Today’s Revelations quote of the day comes via Mimi Force, for whom the term “recessionista” does not apply.
“She was so used to paying exorbitant prices for everything in her life, she sometimes complained when she discovered something was cheaper than she’d expected. “What do they think, that I’m poor?” she sniffed. “That I can’t afford FIJI water?”
Oh, that Mimi!
But seriously, I was reading today in the Times, and when I talk of the Times, you know I only talk of the New York Times, the only “Times” that counts. As flawed as it is, it’s still the Times, love her or leave her. Anyway, today in the Times there was a story about teenagers feeling the pain of the economic crisis, and how most of you guys have never heard your parents say “no” before, and how since Mom and Dad are belt-tightening, you guys are all freaked out that you are poor.
You are not poor.
My family has been the victim of many economic crises—the one in the 80s felled the Philippine economy and my dad’s investment bank (he owned it) and sent us scrambling to American shores to be new immigrants, the one in the 90s saw my Mom hocking her diamonds and emeralds for cash to pay for our Ivy League tuitions (she later got the jewels back, thank god, so we can still inherit them), the one in the 2000s after 9/11 and the dot-com bust was the year Mike and I were laid-off six times between the two of us, and it seemed we were unemployed every other month.
And yes, when the first crisis hit, and I suddenly went from spoiled brat to a scholarship student working at my family’s Sears employees cafeteria, I was numb. And I thought I was po’.
But you see my chickens, like you, I was not po’. Not if you have a family, and friends, and love. I know it’s corny but it’s true.
Besides, being po’ is a bonding experience. One day you will be proud of having survived being po’. If you have everything you’ve ever wanted in life, how can you ever joke around with your friends about having to wear the WRONG jeans (the ones without that ever-important Guess question-mark) or how funny it was that when your dad used to rattle up to your snooty private school in the Dodge Ram Van, you died a little inside, and your Dad would make a joke of halting to a screech by the curb, throwing open the car door, and yelling at you and your sister to get in for your “getaway” before anyone could see you didn’t drive a Mercedes or BMW like everyone else. Ask anyone I know: I have the BEST stories of growing up. If anything, you grow up to be more interesting, more aware about the realities of life, sharper about the brutal ways of the world.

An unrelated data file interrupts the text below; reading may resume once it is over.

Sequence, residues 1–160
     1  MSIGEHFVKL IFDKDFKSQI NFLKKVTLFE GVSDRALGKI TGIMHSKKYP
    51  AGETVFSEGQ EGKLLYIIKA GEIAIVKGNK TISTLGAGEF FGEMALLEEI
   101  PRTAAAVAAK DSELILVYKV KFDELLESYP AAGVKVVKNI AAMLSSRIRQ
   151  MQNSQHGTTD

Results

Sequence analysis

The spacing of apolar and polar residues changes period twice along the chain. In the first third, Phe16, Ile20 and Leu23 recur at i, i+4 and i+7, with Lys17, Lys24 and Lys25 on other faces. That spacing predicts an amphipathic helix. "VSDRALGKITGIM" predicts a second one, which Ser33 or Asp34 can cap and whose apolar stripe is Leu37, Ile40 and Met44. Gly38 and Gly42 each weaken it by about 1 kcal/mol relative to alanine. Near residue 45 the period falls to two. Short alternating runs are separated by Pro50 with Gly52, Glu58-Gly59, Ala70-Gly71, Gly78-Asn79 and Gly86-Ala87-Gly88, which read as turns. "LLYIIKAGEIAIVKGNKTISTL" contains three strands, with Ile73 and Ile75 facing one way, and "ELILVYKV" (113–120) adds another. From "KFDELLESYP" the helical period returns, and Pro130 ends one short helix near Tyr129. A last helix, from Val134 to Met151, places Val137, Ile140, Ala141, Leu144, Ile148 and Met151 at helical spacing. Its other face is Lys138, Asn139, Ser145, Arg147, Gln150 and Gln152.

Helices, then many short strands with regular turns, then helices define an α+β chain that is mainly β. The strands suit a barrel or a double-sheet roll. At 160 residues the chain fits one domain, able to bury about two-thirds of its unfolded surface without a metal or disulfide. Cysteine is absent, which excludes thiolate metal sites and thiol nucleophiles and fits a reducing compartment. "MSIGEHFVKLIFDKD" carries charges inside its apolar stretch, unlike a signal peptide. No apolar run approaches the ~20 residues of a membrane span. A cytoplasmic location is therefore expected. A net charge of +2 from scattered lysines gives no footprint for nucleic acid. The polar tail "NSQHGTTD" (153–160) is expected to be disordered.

There is a bright side to economic disaster, it might not be that fun, but it’s good to learn the value of work, even the most TEDIOUS jobs in the world can teach you something. I’ve been working since I was fourteen. In high school during the school year I worked as an after-school aide at the day-care at my snooty private school, taking care of pampered little monsters like I used to be, and then during the summer I worked at my parents’ cafeterias in the back of the Sears and JC Penney stores. (To this day I still feel a nostalgic fondness for Sears and JC Penney—those salespeople who were our customers were very, very kind to us.) Then in college I worked in every library position at Columbia because I kept getting fired—I used to work “The Stacks” which meant I had to dig out the books people requested from the underground stacks, take this creaky elevator like, fifty floors down in Butler, in the dark, all by myself. I finally couldn’t stand it anymore—it was SERIOUSLY frightening and DUSTY, and I passive-aggressively didn’t show up so I finally got fired. Finally I settled upon data entry at the Art History library, logging hours just typing in book cards into the computer (they were digitalizing the system).
I’ve worked as a temp where all I had to do was “process” invoices, which meant a huge amount of stapling. It was deadening, boring, minimum-wage (like all the other jobs I mentioned). It would take FOREVER, like a whole SUMMER, just to make enough money to buy one Benetton blazer.
And you know what that taught me?? That I NEVER wanted to be STUCK in that kind of position—that there was “work” to be had out there, but it was BORING and LOW-PAYING and if I didn’t get my act together and get my education in gear, I might be stuck there forever.
Of course, I didn’t believe that would ever be a possibility, but it scared me enough to really try to succeed.
And everything I’ve mentioned above became material for my books: my family’s story for Fresh off the Boat, the Repository of History in Blue Bloods is straight from my experience working the Stacks, and the spoiled brats found new life in The Au Pairs. See what I mean by interesting?
So. Be glad to have this experience. It will teach you things you will most definitely not appreciate today (if you told me at fourteen that I would look back fondly on wearing K-Mart at some point in my life, I would have slapped you upside the head) but you will appreciate it one day, and for the rest of your life.